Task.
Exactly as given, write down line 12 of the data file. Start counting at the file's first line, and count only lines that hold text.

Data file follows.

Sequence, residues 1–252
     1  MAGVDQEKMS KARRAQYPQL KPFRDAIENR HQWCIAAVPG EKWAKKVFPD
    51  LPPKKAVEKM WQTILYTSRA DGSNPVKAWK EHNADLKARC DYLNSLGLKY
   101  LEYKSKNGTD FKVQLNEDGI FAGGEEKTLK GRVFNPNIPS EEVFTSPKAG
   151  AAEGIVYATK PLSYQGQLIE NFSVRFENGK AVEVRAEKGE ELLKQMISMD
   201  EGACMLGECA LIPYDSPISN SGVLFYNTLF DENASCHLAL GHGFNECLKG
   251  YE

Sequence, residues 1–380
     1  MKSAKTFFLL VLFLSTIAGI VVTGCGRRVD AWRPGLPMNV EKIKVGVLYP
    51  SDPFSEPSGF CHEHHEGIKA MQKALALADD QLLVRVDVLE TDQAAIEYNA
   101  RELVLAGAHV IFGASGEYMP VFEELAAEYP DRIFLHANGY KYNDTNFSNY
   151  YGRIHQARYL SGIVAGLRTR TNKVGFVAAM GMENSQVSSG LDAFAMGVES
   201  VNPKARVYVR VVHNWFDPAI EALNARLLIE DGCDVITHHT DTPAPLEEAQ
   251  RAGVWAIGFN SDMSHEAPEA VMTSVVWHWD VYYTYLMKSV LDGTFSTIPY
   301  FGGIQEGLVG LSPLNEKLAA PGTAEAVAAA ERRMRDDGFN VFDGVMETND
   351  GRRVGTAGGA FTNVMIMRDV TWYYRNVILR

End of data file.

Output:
   151  YGRIHQARYL SGIVAGLRTR TNKVGFVAAM GMENSQVSSG LDAFAMGVES